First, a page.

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What does a Labour government mean for the charity sector?

Posted: 10/07/2024

Historically having a Labour government, with its emphasis on public welfare, has translated into increased funding for charities, particularly those addressing poverty, homelessness, and social inequality. It might therefore be thought that charities working in these sectors will now see an increase in government support; although if there really is ‘no money’ left, it is difficult to see how much can be provided by the government.

As Thangam Debbonaire (formerly Shadow Secretary of State for Culture, Media and Sport) was also one of the few casualties from the election, it remains to be seen whether her statements on the role of the charity sector still carry weight with Lisa Nandy, the incoming secretary of state. It also remains to be seen whether all those aspects of charities and the voluntary sector will stay with the DCMS, or whether some may move to the Cabinet Office, or elsewhere.

Prior to the election, the Labour Party had stated that it wanted to tackle the root cause of the issues which fall to charities to address, and that seems to remain the case. Potentially, after all, the goal of many charities may at some point in the future be to cease to exist or be needed. However, without a significant injection of funding, it is likely that charities will still need to provide services to meet demand.

There are several areas of policy where promises in other areas will inevitably impact on the charity and not-for-profit sector, including the following:


Ending the VAT exemption for private schools has been the most eye-catching policy in the world of education. Labour will not, however, remove the charitable status of private schools, so those independent schools which are charities will still need to maintain their commitment to the public benefit. Clearly, though, the removal of the VAT exemption could have significant financial implications for both schools and parents.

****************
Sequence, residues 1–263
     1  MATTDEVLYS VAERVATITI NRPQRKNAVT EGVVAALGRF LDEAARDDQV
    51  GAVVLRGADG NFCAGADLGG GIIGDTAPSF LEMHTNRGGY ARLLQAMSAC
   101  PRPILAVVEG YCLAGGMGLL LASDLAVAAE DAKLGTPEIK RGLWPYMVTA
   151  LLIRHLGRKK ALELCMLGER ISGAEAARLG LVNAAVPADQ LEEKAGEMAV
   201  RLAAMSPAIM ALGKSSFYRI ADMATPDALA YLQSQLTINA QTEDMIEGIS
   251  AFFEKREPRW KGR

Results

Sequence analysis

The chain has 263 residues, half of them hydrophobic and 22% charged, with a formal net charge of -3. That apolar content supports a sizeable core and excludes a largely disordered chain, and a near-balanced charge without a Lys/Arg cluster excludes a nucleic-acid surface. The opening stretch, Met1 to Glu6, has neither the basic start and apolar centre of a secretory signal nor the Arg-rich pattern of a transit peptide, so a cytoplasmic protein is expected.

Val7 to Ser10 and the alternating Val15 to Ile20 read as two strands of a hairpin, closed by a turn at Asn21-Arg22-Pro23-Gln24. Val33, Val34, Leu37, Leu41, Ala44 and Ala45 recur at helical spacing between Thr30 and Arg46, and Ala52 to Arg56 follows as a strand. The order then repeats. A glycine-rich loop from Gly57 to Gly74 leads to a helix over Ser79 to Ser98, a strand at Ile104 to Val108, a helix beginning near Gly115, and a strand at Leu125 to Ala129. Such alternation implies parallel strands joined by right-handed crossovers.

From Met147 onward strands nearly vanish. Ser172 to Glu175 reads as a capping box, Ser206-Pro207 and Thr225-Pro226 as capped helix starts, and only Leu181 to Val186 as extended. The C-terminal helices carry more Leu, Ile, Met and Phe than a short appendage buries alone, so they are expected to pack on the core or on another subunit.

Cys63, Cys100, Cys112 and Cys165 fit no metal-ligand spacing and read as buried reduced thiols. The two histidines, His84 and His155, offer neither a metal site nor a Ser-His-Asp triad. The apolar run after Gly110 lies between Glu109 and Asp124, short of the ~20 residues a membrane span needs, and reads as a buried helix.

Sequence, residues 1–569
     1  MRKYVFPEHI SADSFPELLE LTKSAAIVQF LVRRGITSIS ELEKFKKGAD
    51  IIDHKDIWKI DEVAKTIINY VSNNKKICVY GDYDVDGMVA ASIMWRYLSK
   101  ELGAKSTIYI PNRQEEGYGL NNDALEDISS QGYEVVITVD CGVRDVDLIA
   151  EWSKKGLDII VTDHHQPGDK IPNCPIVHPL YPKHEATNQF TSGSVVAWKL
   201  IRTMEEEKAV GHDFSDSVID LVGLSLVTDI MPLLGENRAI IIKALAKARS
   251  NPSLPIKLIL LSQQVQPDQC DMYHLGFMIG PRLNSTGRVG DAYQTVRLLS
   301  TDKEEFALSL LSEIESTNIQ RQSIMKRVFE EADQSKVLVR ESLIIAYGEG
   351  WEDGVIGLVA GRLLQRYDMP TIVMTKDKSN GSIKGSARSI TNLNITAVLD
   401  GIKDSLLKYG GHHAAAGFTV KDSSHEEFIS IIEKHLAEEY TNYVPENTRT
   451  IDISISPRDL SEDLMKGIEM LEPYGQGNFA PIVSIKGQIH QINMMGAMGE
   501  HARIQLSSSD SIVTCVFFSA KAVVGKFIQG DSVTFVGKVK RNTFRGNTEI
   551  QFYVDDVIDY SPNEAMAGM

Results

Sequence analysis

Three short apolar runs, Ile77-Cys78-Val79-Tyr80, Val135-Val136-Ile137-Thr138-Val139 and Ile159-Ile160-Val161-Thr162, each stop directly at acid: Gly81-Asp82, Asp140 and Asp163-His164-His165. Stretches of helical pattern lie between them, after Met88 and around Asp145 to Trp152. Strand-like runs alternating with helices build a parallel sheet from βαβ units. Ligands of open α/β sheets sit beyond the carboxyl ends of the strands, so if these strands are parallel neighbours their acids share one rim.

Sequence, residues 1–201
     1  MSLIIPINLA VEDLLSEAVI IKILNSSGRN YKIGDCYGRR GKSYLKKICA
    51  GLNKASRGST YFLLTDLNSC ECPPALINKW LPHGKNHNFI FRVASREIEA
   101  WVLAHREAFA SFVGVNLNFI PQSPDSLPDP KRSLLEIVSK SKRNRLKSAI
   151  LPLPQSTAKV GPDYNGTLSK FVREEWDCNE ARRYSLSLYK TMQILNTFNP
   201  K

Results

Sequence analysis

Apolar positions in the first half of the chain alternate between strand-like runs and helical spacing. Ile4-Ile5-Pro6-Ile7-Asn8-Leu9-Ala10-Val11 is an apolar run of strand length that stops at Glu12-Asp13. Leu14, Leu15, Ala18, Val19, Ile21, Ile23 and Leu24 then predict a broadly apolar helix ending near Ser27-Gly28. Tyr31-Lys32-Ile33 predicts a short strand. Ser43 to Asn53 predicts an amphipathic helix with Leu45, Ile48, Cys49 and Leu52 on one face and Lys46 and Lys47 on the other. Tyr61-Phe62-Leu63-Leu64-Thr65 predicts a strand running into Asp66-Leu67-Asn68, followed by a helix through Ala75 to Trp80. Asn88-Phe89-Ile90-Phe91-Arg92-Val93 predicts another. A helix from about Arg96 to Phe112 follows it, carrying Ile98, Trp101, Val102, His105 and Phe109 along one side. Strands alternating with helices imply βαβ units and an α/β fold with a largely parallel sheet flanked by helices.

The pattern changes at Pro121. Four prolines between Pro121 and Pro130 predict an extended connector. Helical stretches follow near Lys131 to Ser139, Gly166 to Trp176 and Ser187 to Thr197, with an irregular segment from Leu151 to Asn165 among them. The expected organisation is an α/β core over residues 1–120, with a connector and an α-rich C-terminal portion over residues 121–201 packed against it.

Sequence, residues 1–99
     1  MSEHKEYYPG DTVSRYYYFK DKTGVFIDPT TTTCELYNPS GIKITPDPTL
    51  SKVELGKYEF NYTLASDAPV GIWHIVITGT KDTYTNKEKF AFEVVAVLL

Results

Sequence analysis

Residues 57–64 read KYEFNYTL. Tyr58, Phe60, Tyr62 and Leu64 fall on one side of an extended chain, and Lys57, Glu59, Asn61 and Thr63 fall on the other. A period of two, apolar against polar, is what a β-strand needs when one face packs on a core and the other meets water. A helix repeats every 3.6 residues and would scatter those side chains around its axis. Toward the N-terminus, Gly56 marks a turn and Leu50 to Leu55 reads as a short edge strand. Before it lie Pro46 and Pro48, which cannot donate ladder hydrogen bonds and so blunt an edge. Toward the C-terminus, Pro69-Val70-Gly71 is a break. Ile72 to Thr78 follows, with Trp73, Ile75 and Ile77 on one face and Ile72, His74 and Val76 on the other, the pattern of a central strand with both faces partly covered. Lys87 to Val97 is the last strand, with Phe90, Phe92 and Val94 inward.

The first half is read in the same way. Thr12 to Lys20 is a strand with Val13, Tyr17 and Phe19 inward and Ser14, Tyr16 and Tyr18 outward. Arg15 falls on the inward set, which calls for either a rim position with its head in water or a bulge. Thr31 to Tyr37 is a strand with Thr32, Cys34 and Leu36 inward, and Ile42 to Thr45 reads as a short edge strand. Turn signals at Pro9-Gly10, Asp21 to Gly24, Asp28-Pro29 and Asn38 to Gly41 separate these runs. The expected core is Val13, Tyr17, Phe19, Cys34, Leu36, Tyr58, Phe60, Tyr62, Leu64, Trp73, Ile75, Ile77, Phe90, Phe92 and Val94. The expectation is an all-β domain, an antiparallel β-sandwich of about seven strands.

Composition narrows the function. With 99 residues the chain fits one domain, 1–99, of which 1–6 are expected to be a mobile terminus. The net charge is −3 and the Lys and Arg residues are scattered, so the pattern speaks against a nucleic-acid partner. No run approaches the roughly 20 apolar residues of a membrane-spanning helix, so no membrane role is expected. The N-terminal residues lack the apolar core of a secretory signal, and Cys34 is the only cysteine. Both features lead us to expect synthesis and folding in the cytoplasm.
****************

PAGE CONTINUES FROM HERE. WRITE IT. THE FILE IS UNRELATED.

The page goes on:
That said, if as promised, there will be an investment in education and vocational training (whether as a result of or despite the VAT on private school fees), this aligns with the goals of many charities working to improve educational outcomes and provide opportunities for young people.

Organisations focusing on early childhood education, after-school programmes, and youth mentorship could benefit from increased funding and policy support.

Child poverty

The manifesto says that the new government will work with charities and others to develop an ‘ambitious strategy to reduce child poverty’; something that is needed, but with little detail provided. Some areas where more detail may appear include around the provision of breakfast clubs in every primary school, and changes to the minimum wage to remove age-banding.  

Health and social care

Labour has pledged to create workforce plans to enable more disabled people to work. This is easy to say, but difficult to achieve. However, it is promising more employment support and access to reasonable adjustments. The government will aim to tackle the ‘Access to Work’ backlog and make sure people can try out a job without fear of an immediate benefit reassessment, which again may provide opportunities for charities.

The creation of a National Care Service is likely to affect charitable care organisations, which will be delivering care at ‘home first’. The introduction of a new set of national standards for care will inevitably put an additional regulatory burden on these organisations.

Environmental charities

The policies on the environment may bode well for those charities in the environmental sector. For example, the policies on green energy should be good news for environmental charities. There is also a promise of policies on tackling water pollution and promoting biodiversity, although further details are lacking. This could mean increased funding opportunities for organisations dedicated to climate change, conservation, and sustainability initiatives, and there might be an increase in partnerships and grants. This could amplify the impact of the sector on critical environmental issues.


Charities and voluntary organisations could play a role in fulfilling Labour’s commitment to building 1.5 million new homes over the next Parliament. This is a much larger number than the number of new homes built recently. The manifesto encourages social housing providers to ‘build capacity’, which, combined with a lack of available funding from government, is likely to mean a push for private sector investment and partnerships with the not-for-profit sector.